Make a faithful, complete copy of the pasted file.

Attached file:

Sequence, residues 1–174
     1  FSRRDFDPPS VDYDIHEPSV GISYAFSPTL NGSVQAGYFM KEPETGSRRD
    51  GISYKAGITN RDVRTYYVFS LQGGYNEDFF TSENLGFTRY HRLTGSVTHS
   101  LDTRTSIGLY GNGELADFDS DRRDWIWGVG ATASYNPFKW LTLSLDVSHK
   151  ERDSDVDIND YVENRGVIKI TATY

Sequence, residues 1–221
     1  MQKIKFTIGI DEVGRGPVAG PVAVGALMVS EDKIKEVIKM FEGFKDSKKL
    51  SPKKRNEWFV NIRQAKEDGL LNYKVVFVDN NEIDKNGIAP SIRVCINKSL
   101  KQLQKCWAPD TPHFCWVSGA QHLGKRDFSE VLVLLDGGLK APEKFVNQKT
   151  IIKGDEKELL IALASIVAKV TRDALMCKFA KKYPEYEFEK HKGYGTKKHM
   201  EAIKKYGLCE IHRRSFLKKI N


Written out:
Sequence, residues 1–174
     1  FSRRDFDPPS VDYDIHEPSV GISYAFSPTL NGSVQAGYFM KEPETGSRRD
    51  GISYKAGITN RDVRTYYVFS LQGGYNEDFF TSENLGFTRY HRLTGSVTHS
   101  LDTRTSIGLY GNGELADFDS DRRDWIWGVG ATASYNPFKW LTLSLDVSHK
   151  ERDSDVDIND YVENRGVIKI TATY

Sequence, residues 1–221
     1  MQKIKFTIGI DEVGRGPVAG PVAVGALMVS EDKIKEVIKM FEGFKDSKKL
    51  SPKKRNEWFV NIRQAKEDGL LNYKVVFVDN NEIDKNGIAP SIRVCINKSL
   101  KQLQKCWAPD TPHFCWVSGA QHLGKRDFSE VLVLLDGGLK APEKFVNQKT
   151  IIKGDEKELL IALASIVAKV TRDALMCKFA KKYPEYEFEK HKGYGTKKHM
   201  EAIKKYGLCE IHRRSFLKKI N